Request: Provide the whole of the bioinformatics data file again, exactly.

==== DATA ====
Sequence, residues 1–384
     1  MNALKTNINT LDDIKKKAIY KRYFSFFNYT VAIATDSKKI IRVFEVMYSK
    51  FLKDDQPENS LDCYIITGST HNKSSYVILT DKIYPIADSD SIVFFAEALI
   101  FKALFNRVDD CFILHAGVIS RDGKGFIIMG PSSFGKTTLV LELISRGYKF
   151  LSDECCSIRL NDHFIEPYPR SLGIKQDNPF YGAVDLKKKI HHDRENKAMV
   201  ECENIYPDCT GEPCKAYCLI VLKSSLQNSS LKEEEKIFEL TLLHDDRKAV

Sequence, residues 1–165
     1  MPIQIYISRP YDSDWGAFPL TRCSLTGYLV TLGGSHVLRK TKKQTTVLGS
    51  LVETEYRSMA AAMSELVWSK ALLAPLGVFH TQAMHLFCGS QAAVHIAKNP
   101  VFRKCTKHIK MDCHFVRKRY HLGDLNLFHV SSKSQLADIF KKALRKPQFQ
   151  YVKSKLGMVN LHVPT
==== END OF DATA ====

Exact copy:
Sequence, residues 1–384
     1  MNALKTNINT LDDIKKKAIY KRYFSFFNYT VAIATDSKKI IRVFEVMYSK
    51  FLKDDQPENS LDCYIITGST HNKSSYVILT DKIYPIADSD SIVFFAEALI
   101  FKALFNRVDD CFILHAGVIS RDGKGFIIMG PSSFGKTTLV LELISRGYKF
   151  LSDECCSIRL NDHFIEPYPR SLGIKQDNPF YGAVDLKKKI HHDRENKAMV
   201  ECENIYPDCT GEPCKAYCLI VLKSSLQNSS LKEEEKIFEL TLLHDDRKAV

Sequence, residues 1–165
     1  MPIQIYISRP YDSDWGAFPL TRCSLTGYLV TLGGSHVLRK TKKQTTVLGS
    51  LVETEYRSMA AAMSELVWSK ALLAPLGVFH TQAMHLFCGS QAAVHIAKNP
   101  VFRKCTKHIK MDCHFVRKRY HLGDLNLFHV SSKSQLADIF KKALRKPQFQ
   151  YVKSKLGMVN LHVPT